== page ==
Oct 13, 2016

Chatbots overview

I am still waiting for that breakthrough chatbot on Messenger, but everyone I talk to is excited about bots - so am I, but I believe we are still in the stone age of bots, even though I have worked on their then-equivalent some 15 years ago. There's enough reason to be optimistic about the future of chatbots, and here is a good overview on the bot environment and list of links to useful resources at the end of the article:

http://www.inc.com/ben-parr/7-reasons-why-everyone-in-tech-is-obsessed-with-chatbots.html

[German] Auslandswachstum der deutschen Fußball Bundesliga-Vereine auf Facebook

Sehr nett aufbereiteter Überblick über das Fan-Wachstum der Fußball-Bundesliga-Clubs auf Facebook - aus dem Ausland.  Der Anteil deutscher Fans auf den Facebook-Seiten von Bayern München liegt unter 7%, bei Dortmund unter 12%, Tendenz sinkend - im Hinblick auf Auslandsvermarktung aber eine gute Nachricht. Bei Klubs wie Leverkusen oder Bremen treiben Spieler (Chicharito, Pizarro) Horden von Fans aus bestimmten Märkten auf deren Seiten, aber man sieht wenig Anstrengungen seitens Club oder Liga, diese dann in allgemeine Bundesliga-Fans zu konvertieren, wie die entsprechenden Spieler weiterziehen. Und für das Auslandsgeschäft wird es wichtig sein, neben der in der Champions League vertretenen Spitze Vereine wie Köln oder HSV im Ausland mit Profil und Anhängerschaft zu versehen.
Schöne Zahlensammlung, leider wenig Interpretation hier:

http://andreasrickmann.de/2016/10/10/wie-sich-das-facebook-wachstum-der-bundesliga-klubs-ins-ausland-verschiebt/

Importance of software for automotive companies

Car makers are good at building tradtional, "machine engineering" software. Software that optimizes how the tires behave while driving a curve, while breaking, or software that checks the status of the engine or any other functional part of the car. When it comes to consumers, car software always sucked. The "onboard computer", it feels, has barely left the C64 stages only in recent years. It is still way easier to bring my music on my phone and then connect the phone via bluetooth to my car speakers, than - what an innovation - just synchronize my music collection with some hard drive in my connected car, or, imagine that - stream from Spotify or Soundcloud or anywhere right in my car. And why don't I have a Amazon Echo/Alexa or at least Siri Assistant in my car for years? And despite all the progress made by car companies, collecting, analyzing and acting upon data, ideally in real time - compare Waze for example - is a whole new game. Hiring? Takes too long. Acquiring? Yes. Integrating? Pray and hope for the best. Here's an interesting overview from a venture capital perspective, on deals made in the past and companies that may succeed in this area in future:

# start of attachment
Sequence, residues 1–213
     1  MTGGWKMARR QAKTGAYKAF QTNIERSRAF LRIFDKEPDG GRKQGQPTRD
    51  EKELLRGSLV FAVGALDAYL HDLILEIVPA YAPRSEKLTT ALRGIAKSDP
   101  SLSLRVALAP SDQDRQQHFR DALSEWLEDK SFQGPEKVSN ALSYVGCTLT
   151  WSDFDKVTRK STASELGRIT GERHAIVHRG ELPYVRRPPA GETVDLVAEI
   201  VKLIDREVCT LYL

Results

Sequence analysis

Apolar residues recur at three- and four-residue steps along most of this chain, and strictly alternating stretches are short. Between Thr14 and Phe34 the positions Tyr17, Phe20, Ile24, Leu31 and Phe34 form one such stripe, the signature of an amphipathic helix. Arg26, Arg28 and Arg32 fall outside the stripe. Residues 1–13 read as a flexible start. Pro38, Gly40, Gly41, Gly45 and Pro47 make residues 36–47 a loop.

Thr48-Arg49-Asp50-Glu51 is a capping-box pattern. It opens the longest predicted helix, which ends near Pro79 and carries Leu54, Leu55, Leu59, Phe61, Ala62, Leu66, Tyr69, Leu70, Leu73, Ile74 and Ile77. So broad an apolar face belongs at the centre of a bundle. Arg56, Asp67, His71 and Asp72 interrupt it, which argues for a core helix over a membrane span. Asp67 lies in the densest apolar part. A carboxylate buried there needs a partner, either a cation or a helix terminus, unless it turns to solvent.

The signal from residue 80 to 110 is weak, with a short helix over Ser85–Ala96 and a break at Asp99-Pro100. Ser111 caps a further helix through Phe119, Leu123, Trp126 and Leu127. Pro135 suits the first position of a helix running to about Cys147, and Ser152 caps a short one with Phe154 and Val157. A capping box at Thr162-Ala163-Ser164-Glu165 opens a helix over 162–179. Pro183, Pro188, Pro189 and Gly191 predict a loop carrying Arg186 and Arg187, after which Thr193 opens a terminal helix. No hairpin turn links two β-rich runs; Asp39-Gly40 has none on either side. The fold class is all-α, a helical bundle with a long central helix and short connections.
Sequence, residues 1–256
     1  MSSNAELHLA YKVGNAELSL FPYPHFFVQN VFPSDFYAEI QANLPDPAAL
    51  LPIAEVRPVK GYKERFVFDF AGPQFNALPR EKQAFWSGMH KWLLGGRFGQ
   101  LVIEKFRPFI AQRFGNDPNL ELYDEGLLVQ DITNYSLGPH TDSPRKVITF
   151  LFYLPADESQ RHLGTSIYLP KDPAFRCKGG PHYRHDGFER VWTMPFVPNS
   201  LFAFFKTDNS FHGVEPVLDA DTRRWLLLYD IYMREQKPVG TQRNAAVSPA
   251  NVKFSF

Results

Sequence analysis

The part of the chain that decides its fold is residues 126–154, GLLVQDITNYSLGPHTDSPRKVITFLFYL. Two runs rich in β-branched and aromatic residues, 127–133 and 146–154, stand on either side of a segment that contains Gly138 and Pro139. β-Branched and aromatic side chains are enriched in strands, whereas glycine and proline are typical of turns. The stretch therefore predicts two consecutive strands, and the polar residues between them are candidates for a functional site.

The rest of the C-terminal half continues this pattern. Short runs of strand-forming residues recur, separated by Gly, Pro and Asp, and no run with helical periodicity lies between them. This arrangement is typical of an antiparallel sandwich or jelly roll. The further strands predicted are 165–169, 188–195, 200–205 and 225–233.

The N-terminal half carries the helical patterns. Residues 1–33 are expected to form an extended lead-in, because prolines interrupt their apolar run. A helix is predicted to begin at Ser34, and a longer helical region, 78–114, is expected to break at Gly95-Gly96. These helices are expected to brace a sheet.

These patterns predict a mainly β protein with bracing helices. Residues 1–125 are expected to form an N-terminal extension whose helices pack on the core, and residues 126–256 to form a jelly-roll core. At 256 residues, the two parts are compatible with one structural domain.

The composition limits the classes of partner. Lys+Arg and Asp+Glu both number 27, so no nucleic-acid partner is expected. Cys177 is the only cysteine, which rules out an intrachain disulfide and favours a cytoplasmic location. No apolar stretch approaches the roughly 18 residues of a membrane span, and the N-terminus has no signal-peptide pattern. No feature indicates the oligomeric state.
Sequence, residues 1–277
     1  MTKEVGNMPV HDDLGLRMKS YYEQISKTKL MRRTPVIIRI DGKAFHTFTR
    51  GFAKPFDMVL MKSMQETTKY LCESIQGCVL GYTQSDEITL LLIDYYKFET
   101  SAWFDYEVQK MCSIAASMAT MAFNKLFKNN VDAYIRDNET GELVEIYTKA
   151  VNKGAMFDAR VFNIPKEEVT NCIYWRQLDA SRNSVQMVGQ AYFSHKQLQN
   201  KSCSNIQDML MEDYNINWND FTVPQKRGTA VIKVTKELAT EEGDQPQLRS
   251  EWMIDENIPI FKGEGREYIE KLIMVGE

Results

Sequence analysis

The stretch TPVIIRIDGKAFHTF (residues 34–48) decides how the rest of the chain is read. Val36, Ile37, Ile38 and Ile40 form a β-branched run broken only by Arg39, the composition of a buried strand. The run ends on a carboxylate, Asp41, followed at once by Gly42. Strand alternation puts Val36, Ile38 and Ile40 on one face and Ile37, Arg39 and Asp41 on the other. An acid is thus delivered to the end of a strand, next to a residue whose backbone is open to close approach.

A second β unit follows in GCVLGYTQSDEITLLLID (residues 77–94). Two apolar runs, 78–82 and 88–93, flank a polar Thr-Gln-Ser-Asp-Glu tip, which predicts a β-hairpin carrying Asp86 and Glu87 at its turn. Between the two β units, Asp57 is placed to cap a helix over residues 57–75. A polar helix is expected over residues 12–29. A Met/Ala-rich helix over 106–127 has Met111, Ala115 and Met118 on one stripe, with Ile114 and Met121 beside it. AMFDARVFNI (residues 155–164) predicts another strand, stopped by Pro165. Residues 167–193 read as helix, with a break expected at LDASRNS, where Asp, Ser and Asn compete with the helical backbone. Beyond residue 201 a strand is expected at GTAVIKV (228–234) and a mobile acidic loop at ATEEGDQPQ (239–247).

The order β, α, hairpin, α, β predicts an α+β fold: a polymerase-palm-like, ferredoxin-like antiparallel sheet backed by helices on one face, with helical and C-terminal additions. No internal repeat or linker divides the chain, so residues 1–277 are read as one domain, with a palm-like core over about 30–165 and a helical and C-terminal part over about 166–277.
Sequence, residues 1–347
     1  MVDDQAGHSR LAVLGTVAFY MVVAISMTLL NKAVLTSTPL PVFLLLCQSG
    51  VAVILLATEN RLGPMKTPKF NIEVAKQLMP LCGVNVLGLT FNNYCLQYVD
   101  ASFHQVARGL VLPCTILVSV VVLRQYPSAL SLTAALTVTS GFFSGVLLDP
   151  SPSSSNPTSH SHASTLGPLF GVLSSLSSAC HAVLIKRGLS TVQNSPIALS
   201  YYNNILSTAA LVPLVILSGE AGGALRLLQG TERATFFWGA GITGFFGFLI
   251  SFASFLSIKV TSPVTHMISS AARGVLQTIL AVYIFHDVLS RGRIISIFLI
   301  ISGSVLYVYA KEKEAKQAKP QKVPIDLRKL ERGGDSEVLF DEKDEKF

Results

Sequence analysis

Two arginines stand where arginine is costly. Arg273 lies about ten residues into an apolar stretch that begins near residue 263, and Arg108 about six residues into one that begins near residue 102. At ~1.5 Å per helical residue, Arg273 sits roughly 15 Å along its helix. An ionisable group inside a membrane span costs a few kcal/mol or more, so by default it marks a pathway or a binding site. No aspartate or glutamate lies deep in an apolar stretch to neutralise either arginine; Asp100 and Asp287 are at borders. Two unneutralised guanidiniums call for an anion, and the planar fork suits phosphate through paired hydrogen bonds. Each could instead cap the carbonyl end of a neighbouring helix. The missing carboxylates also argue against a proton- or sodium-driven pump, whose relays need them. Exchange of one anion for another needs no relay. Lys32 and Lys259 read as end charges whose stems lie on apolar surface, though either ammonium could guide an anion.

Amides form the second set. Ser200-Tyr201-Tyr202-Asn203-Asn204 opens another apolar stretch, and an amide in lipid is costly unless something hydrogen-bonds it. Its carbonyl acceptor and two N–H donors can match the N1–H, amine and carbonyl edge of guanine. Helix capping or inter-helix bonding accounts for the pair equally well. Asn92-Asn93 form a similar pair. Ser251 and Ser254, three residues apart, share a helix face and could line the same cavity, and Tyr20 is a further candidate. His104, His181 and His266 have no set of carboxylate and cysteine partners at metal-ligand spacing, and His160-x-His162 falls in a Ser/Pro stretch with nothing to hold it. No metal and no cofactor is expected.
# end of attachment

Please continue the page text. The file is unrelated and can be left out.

http://venturebeat.com/2016/10/09/auto-industry-heads-into-fierce-software-race/

Publishers on Instagram & Snapchat stories

It is hard to convince companies and especially publishers to invest in their Instagram and Snapchat teams as monetization or traffic generation is far away from the levels Facebook can provide; therefore, many agree to "play around" on these channels, but are reluctant to really invest in resources and learnings without getting an immediate return. Seen from Germany/Europe, the situation in the US seems to be a bit different. Here are two interesting links:

How Snapchat is used by publishers, with statements from HuffPo, Mashable, NPR, TheVerge and others:
http://www.niemanlab.org/2015/02/snapchat-stories-heres-how-6-news-orgs-are-thinking-about-the-chat-app/

And here's why Business Insider favours Instagram stories over Snapchat:
http://digiday.com/publishers/insider-betting-instagram-stories-instead-snapchat/

Online vs. TV: Presidential debates

We always use highlights - Superbowl, breaking news, or presidential elections - to measure the state of digital in comparison to other, traditional media channels. I believe we need to careful with these, but they are still great indicators about how (audiovisual) content is distributed. This article shows a nice overview of numbers for the second presidential debates. While TV reported a viewership of 63 million (let's ignore for a moment how they measure it, and how many unique viewers these were, or how many minutes were watched per unique vier per average), the Facebook live stream reached 7.4mn viewers. And YouTube's videos round the debate aggregated some 124 million views (although here too, we don't know the uniques). While TV viewership from debate I to debate II declined 20 percent, the YT views went up 40%. Maybe that's an indicator for a viewing behaviour of people who, if they don't follow the full event on TV (or something else on TV), using YT and other digital channels to catch up and watch highlights. Overall, YT views for presidential debates grew sixfold compared to the 2012 views. More numbers here:

https://www.wired.com/2016/10/youtube-crushed-tv-total-debate-viewership/

The problem with open floor plans